In addition to these central theories of capital structure, there are authors and studies that have analyzed strategy of competing in the product market and product characteristics and its influence to the capital structure (Titman, 1984; Maksimovic, 1988, 1995; Stulz, 1988; Rotemberg and Scharfstein, 1990). Beside the industrial-organization-based approach, the influence of corporate control on the capital structure was investigated as well (Stulz, 1988; Harris and Raviv, 1991; Mehran, 1992; Zwiebel, 1996; Garvey and Hanka, 1999; Mishra and Mcconaughy, 1999; Novaes, 2003). Besides the core theories that have recognized fundamental factors that influence capital structure, there are wide-ranging theories identifying numerous internal factors and corporate characteristic that are influencing capital structure. Harris and Raviv (1991, p. 336) reviewed the surveyed literature and identified the following internal factors that shape corporate leverage, namely volatility, bankruptcy, profitability, fixed assets, tax shields, R&D, growth opportunities, size, free cash flow, ownership structure.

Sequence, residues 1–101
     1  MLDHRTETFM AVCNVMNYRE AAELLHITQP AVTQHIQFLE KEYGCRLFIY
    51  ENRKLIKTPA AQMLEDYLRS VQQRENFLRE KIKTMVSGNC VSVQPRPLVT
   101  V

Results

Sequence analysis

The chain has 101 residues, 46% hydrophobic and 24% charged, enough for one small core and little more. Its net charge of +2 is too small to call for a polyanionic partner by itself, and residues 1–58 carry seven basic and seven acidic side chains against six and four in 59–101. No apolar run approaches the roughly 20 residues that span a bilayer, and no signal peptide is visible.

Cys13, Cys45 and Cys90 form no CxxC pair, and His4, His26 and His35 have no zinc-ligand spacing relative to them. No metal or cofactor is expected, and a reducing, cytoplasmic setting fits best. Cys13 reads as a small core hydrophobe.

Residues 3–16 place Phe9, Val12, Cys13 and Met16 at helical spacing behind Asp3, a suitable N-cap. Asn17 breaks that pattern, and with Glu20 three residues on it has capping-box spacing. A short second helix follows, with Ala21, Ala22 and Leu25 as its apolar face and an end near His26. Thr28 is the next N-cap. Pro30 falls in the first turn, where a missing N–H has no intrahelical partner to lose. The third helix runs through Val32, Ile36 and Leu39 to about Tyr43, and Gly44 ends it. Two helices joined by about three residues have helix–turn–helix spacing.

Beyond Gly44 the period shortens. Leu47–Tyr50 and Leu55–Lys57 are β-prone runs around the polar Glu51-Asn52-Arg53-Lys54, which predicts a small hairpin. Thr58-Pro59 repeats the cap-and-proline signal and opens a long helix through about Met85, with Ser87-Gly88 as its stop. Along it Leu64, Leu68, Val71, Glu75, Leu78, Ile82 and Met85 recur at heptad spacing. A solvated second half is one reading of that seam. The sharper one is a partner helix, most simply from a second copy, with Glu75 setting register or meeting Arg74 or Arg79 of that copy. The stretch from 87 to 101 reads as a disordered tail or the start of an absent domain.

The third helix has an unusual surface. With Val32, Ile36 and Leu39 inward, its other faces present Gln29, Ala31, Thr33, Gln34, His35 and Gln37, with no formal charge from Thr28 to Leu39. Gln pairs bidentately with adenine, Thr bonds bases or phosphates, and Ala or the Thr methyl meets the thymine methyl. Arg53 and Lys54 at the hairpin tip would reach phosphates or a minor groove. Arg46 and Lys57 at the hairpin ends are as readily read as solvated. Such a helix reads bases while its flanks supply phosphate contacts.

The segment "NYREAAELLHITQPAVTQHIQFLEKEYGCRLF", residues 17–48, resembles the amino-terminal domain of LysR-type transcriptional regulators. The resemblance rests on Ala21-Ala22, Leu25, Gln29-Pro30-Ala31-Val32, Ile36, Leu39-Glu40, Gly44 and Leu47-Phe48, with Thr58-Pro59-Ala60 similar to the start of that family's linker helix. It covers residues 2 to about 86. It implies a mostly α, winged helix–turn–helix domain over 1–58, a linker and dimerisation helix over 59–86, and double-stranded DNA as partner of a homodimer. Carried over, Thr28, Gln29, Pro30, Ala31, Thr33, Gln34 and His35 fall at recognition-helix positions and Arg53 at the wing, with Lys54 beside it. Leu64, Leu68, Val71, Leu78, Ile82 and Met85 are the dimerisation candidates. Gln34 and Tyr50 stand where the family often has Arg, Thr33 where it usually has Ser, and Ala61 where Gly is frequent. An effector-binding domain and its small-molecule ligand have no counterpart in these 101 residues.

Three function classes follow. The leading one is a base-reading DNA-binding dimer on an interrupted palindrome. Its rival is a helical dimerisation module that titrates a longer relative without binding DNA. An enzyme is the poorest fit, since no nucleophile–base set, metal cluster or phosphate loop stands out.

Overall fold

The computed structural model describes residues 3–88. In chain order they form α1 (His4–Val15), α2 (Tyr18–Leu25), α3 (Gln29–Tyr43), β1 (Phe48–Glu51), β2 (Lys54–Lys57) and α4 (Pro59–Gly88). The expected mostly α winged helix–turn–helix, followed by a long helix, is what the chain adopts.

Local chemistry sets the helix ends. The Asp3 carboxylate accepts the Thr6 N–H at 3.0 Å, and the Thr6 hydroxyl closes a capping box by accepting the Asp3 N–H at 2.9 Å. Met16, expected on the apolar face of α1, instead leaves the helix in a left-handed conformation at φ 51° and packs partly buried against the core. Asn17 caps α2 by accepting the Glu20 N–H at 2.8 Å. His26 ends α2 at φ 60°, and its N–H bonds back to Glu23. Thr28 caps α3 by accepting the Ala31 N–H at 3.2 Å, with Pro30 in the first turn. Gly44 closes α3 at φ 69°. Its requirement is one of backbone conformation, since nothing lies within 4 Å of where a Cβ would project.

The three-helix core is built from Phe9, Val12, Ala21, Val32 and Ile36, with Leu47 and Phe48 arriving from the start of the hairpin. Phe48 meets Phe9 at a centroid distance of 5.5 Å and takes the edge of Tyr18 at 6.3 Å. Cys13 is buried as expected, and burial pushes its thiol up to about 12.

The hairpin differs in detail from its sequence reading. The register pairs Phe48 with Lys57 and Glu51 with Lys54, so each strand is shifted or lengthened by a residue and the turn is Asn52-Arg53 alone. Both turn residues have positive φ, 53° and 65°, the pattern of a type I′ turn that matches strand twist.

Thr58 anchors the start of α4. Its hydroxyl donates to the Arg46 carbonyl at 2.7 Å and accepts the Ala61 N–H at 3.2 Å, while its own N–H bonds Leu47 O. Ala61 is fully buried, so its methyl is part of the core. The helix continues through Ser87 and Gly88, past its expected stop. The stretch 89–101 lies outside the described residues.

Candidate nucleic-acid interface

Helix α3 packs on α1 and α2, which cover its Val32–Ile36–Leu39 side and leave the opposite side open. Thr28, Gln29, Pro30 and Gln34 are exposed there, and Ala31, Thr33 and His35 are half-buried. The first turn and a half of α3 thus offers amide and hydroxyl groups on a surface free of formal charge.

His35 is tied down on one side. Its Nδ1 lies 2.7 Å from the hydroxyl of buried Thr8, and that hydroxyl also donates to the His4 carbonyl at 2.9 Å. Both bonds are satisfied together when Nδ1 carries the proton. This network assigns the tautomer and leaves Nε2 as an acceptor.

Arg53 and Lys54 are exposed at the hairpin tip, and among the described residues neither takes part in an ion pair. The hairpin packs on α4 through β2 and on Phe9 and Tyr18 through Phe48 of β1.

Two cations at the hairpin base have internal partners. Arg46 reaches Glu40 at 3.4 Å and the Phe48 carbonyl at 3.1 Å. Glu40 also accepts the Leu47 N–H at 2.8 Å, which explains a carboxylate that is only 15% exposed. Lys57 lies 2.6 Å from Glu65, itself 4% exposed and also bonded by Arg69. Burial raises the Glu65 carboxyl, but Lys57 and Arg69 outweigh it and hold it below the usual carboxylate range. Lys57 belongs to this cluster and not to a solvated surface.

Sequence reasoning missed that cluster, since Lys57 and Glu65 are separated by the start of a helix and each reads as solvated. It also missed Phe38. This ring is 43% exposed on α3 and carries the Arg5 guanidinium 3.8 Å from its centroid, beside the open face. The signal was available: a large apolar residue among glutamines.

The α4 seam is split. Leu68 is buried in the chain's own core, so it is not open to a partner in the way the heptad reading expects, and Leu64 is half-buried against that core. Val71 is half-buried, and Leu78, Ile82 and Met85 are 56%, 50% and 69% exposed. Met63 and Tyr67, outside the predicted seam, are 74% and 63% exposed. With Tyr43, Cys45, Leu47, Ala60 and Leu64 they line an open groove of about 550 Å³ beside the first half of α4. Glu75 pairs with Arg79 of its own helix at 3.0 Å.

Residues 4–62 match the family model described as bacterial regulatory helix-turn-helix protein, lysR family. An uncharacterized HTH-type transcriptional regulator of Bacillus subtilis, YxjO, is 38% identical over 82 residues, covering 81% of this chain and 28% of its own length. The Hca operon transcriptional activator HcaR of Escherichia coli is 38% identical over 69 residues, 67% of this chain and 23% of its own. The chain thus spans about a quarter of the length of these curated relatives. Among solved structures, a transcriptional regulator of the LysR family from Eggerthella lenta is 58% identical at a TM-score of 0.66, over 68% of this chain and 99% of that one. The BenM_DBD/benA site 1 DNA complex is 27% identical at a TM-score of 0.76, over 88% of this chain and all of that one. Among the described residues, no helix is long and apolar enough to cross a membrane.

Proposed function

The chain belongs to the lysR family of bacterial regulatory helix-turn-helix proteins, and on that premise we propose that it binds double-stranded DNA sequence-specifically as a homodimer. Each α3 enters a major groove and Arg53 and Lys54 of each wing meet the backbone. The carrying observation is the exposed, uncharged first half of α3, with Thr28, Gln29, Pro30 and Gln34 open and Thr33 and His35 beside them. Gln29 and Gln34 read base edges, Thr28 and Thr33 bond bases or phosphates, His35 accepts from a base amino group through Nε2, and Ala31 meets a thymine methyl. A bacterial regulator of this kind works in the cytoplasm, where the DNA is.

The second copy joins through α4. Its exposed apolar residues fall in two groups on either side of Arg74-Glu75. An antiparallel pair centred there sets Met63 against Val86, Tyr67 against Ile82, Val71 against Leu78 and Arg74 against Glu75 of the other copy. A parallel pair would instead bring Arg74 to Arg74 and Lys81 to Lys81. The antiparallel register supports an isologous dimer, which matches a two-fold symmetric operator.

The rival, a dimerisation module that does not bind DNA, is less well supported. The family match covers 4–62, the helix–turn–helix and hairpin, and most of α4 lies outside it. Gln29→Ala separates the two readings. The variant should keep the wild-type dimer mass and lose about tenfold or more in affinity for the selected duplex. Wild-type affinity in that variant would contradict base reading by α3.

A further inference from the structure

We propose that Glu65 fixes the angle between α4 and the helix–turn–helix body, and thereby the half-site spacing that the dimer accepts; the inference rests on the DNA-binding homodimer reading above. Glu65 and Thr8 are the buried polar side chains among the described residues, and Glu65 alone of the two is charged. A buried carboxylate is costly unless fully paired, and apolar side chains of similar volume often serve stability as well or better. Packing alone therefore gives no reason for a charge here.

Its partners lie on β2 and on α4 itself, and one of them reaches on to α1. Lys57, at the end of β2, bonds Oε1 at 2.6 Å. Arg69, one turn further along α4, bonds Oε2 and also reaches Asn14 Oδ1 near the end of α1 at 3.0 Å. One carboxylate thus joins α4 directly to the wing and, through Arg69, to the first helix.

Due to the importance of this topic, we have decided to investigate the Croatian hotel industry profitability performance under capital structure and other company characteristics. The question that may arise relates to the way of investigating the hotel industry. The main issue and main disadvantage of the Croatian economy and its GDP is that it is highly dependable on tourism since total impact and share of tourism in GDP is 19,7%. With respect to indicated the main purpose of this paper was to present a new insights on profitability performance of the hotel industry in Croatia under capital structure. Besides that, goal and aim of the paper is to bring closer topic on causal relation of financial performance and capital structure as well as other companies characteristics to the experts. Additionally, to raise awareness and to influence to the state of minds of financial manager and decision makers was one of goals. Additionally, in line with Črnigoj and Mramor (2009) who suggested that financial behavior and linked capital structure is somewhat different in Emerging European Countries from those in the developed market economies, we have chosen Croatian hotel industry. It should be highlighted that financial performance is not only dependable on the capital structure. Menicucci (2018) found out that hotel profitability is determined by financial crisis, business model and ownership structure, size, internationalization, location, accommodation. Other authors arrived at the same result associated to the financial crisis and profitability (Shahzad et al., 2015). Xu and Chi (2017) pin pointed operating efficiency U.S hotels to be linked with hotel size and service price. Ben Aissa and Goaied (2016) examined Tunisian hotel profitability and indicated that hotel size has negative impact but also brings to light managerial skills as important factor for hotel profitability. Similar research on leadership styles and human capital (Tran, 2017; Sardo, Serrasqueiro and Alves, 2018) highlighted the positive influence of both human capital and leadership styles on hotel companies’ financial performance.